Up to this point, you have been turning in competencies in the native file format of your authoring program. However, when you are actually ready to distribute the final product you will need to export your program in a format that is deliverable to others. In most cases this means saving the project in a format other than the program's native file format.

For example, the Flash project file has the extension "fla". This is the format you use to save the project as you are working on it. However, a native Flash file is only viewable on machines that have Flash installed on them. And you certainly don't want to make everyone buy Flash just to view your finished product, do you? That's why Flash and other authoring programs allow you to save the finished program in formats that are viewable on any computer. These are generally compiled executable files that cannot be loaded back into the authoring program to make changes. If you need to make changes then you need to go back to the original project file. Below are notes for each of the programs.


Flash has several options for saving a project, but the most common are the "projector" version and the "Flash" version. Both formats package all of the required elements (except video clips) into one executable file. A projector can be run on any computer, while a Flash movie is designed to be run on a web page, and requires the user to have the Flash Player installed on their machine.


With HTML there's not much choice to make. Once you create the web pages you have your deliverable format. There is not a separate project file as with the other authoring programs. Even so, there's no law that says that web pages have to be used on the Web. You can just as easily deliver HTML pages on a computer or CD-ROM. If you've taken the Digital Video course, the CD that was sent to you was created with HTML, even though the pages were never used on the Web.

For this competency we'd like for you to explore your authoring program's various methods of creating a deliverable program. Depending on the authoring software you are using, here are some LinkedIn Learning tutorials we recommend that you go through. Once again, keep in mind that the names of the tutorials may differ slightly depending on which set of tutorials you are using.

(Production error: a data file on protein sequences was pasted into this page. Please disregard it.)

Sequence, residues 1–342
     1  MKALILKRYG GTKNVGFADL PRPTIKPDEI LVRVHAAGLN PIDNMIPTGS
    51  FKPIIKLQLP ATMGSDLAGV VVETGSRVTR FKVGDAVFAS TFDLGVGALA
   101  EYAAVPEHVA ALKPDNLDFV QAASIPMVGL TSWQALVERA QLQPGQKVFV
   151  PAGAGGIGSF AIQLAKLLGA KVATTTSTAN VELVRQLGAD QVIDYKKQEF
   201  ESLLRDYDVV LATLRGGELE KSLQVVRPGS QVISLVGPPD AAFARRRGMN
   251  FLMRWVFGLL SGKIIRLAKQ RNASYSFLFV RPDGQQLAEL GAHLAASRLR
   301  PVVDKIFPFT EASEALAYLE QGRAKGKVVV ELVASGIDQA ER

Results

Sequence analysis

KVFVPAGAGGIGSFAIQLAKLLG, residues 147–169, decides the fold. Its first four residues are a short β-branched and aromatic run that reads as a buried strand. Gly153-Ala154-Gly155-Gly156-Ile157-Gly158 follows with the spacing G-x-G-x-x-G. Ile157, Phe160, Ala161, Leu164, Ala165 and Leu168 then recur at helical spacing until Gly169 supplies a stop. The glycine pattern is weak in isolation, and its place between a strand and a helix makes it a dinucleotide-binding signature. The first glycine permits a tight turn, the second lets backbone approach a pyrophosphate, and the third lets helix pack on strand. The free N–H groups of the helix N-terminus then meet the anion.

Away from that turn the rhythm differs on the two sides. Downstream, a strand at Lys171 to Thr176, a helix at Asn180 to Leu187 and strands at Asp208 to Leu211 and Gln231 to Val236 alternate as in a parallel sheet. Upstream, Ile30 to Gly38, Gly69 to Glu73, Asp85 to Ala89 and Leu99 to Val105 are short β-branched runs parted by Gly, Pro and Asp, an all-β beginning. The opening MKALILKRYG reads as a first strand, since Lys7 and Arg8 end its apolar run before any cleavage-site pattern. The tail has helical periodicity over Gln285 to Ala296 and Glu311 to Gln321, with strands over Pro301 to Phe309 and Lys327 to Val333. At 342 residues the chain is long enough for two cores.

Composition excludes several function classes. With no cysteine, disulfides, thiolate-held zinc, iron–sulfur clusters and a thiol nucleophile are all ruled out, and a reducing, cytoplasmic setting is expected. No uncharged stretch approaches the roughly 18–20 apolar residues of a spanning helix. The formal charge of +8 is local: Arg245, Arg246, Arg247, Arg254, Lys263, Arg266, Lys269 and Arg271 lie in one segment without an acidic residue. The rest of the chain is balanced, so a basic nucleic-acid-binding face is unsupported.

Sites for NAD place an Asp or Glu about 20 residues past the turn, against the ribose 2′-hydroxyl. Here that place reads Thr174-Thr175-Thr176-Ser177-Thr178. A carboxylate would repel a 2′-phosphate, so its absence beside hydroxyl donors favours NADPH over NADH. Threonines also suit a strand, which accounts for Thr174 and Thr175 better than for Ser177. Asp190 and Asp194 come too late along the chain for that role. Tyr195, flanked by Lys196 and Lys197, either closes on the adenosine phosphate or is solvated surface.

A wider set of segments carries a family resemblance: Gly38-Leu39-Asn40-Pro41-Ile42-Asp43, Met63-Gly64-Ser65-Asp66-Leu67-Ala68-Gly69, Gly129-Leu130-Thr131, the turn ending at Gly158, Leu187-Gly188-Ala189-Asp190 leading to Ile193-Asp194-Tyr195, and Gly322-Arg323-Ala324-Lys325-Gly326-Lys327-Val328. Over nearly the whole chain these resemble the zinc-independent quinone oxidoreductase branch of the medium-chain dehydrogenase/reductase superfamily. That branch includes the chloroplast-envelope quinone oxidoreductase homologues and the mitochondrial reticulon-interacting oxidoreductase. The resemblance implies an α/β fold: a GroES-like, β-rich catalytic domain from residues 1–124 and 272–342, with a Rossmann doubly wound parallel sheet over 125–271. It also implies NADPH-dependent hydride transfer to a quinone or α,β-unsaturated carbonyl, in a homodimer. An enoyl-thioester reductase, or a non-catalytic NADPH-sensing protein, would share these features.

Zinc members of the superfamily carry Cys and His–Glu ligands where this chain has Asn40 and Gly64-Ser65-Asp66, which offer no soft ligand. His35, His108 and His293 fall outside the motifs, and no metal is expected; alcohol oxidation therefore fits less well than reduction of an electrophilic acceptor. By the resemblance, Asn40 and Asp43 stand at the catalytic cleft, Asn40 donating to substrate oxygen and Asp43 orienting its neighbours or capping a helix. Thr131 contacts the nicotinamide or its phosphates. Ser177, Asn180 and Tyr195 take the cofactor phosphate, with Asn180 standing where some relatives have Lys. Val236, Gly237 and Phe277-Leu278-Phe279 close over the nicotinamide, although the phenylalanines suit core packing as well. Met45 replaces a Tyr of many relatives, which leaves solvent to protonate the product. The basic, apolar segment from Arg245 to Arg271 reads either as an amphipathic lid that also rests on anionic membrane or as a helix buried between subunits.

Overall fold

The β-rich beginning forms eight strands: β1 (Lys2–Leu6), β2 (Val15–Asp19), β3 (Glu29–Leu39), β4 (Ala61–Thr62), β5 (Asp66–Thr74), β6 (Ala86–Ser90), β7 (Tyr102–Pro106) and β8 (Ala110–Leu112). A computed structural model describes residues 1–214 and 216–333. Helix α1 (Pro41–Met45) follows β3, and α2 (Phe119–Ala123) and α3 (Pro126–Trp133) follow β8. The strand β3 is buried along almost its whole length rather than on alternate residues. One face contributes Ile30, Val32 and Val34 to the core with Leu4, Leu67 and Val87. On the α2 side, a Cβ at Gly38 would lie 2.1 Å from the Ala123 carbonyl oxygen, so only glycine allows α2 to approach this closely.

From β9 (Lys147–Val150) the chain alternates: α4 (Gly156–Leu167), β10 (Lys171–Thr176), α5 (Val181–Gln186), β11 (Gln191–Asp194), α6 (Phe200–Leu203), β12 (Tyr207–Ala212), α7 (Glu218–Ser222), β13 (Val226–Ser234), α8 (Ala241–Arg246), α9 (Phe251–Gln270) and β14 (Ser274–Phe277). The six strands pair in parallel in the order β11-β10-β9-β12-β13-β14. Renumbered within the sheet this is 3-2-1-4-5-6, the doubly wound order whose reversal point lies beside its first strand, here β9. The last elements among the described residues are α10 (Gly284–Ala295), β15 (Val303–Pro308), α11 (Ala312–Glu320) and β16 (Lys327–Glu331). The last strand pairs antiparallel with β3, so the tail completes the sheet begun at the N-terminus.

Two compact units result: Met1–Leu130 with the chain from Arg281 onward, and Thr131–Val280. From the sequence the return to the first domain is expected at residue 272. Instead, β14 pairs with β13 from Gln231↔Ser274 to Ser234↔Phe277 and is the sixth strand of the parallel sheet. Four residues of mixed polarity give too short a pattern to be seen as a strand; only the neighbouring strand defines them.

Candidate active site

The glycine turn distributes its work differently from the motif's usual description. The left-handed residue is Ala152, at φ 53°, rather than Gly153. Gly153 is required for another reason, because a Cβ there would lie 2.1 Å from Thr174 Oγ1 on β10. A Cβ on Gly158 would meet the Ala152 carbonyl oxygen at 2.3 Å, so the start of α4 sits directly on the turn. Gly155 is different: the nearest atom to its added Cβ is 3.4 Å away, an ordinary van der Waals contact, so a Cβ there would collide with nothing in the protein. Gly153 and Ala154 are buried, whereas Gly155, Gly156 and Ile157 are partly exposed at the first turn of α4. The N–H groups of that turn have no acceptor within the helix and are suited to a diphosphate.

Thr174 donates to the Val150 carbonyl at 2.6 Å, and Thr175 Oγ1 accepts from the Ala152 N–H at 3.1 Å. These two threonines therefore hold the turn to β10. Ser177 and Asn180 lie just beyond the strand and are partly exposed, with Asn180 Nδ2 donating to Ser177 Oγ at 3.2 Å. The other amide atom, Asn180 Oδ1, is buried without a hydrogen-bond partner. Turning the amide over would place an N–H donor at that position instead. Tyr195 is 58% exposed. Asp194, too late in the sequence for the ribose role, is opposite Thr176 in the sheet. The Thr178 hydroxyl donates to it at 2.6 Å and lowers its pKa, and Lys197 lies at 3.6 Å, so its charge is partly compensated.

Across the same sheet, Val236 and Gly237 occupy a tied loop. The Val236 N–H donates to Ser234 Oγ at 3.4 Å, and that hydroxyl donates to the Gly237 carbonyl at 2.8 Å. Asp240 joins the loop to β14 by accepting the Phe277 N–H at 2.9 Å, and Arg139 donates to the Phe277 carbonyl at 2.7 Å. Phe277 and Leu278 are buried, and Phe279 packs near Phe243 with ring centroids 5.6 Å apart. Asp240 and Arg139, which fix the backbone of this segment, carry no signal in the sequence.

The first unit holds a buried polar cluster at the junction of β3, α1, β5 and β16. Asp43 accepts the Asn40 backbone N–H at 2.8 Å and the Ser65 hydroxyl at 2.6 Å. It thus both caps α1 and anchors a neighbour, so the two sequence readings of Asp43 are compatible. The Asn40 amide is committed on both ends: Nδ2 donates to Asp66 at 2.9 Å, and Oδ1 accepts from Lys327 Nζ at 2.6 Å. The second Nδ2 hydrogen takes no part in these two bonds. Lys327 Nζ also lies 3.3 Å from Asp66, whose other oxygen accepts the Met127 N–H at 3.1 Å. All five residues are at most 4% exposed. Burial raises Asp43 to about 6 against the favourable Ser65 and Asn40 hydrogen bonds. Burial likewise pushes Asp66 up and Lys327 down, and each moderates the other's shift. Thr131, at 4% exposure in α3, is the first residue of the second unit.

PowerPoint Introduction: Slide Shows and Presentation Options
Advanced: Exploring Slide Show Options
Dreamweaver Checking and Uploading the Site
Testing Browser Compatibility
Flash Publishing Your Movie
Optimizing, Exporting and Publishing Movies
Other programs Exporting projects to various formats

Exporting Activity

We'd like you to demonstrate your ability to export a finished project from your authoring program in a format that can be delivered to another computer as a single file, and then run without having the authoring program installed on the user's machine. How you accomplish this will differ depending on the program you are using.

For this activity you should use the project from the last competency. You do not need to add anything to it, just export it from the authoring program in a deliverable format. Unlike previous activities, you will not submit your project in the program's native file format. Instead, use these guidelines:


If you are using Flash, create a projector file. This should have the extension "exe".


As stated earlier, with HTML the deliverable file is the same as the native project file. However, since this competency party deals with the ability to move an entire program from one computer to another, we would like you to create a single archived file containing all of the HTML files necessary to run your program. This is accomplished through the use of an archive/compression program. An archive program allows you to create a single file that acts as a storage container for other files. You can add as many files as you want to the archive, then close it up and send the file to someone else. When the archive is reopened all the files are again accessible. Files that are archived are usually also compressed to make the archive smaller.